It’s estimated that 1.4 million US women will experience abnormal uterine bleeding (AUB) each year. This includes an estimated 50% of women in perimenopause, who have an increased incidence of polyps, fibroids and anovulation which leads to their AUB. (1, 2) In addition, over half of women with heavy menstrual bleeding report that their periods interfere with their lives compared to women with lighter cycles. (2)
(Sources: 1. Davidson, BR, et al. Abnormal Uterine Bleeding during the reproductive years. J Midwifery Womens Health. 2012 May-June 57 (3);248-254. 2. Brito LGO, Panobianco MS, Sabino-de-Freitas MM, et al. Uterine leiomyoma: Understanding the impact of symptoms on women’s lives. Reprod Health. 2014:11:10. )
The American Congress of Obstetricians and Gynecologists (ACOG) defines Abnormal Uterine Bleeding this way.
ACOG Definition of Abnormal Uterine Bleeding (AUB)
Bleeding that requires more than 1 pad/hour for more than 1 day
Bleeding for more than 7 days at a time
Bleeding intervals that are less than 20 days apart
Bleeding in excess of 80 cc a month
– a super tampon or pad can hold approximately 10 cc of blood
Bleeding that causes anemia
Bleeding that leads to disruption in life style
Source: ACOG, Committee Opinion. April 2013 (reaffirmed 2015), number 557.
When women present for gynecologic care with a history of abnormal bleeding, providers can now use a new terminology, PALM – COEIN, which was agreed upon by the International Federation of Gynecology and Obstetrics (FIGO). PALM – COEIN uses an acronym to classify and separate the causes of AUB into structural and non-structural etiologies.
Structural causes include polyps, adenomyosis, leiomyoma (fibroids) and malignancy, while non-structural causes includes coagulopathy, ovulatory, endometrial, iatrogenic and non-classified. The PALM-COEIN terminology helps women’s health providers as they consider the differential diagnoses and treatment options based on the specific etiology.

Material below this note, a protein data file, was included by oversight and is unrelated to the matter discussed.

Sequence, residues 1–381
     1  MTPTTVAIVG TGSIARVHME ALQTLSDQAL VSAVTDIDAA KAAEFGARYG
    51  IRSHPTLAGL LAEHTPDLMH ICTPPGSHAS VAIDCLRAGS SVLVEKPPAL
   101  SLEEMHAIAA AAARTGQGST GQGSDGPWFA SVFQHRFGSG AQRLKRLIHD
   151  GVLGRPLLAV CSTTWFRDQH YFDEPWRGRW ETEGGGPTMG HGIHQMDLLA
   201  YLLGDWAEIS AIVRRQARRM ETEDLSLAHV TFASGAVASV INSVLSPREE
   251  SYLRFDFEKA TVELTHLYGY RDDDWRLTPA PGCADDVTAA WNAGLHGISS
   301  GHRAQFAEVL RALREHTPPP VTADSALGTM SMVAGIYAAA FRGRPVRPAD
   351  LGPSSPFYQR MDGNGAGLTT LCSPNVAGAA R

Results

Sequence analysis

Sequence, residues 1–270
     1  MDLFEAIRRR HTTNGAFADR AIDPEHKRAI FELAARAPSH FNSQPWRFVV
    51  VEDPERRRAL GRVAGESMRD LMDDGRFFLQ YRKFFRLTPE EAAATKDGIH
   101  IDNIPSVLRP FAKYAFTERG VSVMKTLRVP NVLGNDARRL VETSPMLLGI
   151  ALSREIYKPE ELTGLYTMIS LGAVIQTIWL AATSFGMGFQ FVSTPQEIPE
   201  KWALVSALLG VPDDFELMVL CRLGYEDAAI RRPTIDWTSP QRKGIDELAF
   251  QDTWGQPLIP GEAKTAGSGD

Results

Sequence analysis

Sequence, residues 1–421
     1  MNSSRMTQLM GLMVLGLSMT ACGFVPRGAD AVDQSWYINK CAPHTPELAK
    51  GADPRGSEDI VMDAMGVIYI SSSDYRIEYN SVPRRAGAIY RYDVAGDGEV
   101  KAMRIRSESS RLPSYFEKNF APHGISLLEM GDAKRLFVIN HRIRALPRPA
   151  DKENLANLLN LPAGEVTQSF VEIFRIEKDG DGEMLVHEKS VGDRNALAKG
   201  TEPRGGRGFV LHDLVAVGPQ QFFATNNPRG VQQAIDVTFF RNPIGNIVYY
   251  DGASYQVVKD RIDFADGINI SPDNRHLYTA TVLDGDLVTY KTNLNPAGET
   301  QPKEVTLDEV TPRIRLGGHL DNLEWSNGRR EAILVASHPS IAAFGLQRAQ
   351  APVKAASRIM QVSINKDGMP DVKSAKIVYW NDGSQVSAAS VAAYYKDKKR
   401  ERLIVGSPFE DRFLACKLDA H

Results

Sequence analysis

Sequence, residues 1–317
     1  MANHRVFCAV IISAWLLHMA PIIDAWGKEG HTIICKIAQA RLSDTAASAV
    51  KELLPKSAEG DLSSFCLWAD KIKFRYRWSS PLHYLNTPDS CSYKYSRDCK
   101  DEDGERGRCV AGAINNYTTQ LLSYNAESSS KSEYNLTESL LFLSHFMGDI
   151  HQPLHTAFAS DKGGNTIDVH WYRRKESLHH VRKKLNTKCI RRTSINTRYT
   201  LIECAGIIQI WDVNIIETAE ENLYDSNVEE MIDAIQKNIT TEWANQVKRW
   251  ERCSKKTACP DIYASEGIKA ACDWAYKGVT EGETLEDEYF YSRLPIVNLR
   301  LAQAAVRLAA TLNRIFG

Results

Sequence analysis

PALM – Structural causes of AUB
P – Polyp
A – Adenomyosis
L – Leiomyoma (fibroids)
M – Malignancy/Hyperplasia
COEIN – Non-structural
C – Coagulopathy
O – Ovulatory
E – Endometrial
I – Iatrogenic
N –Not Classified
Source: Established by FIGO – Fédération Internationale de Gynécologie et d’Obstétrique (the International Federation of Gynecology and Obstetrics)
When evaluating women with bleeding, one test that’s often overlooked especially in women over 40, is a quantitative pregnancy test, which is one of the most common causes of bleeding in women of reproductive age. Once it’s determined that the woman isn’t pregnant, it’s incumbent to begin to evaluate for structural etiologies utilizing ultrasound, hysteroscopy, Endosee® and other imaging. In addition, performing an endometrial biopsy for any woman with thickened endometrial lining can easily be completed during an office visit.
I hope this has helped with how you might evaluate and assess your patients with Abnormal Uterine Bleeding.
Barb Dehn, RN, MS, NP, FAANP, NCMP will speak at the Nashville CME Event, May 23-26.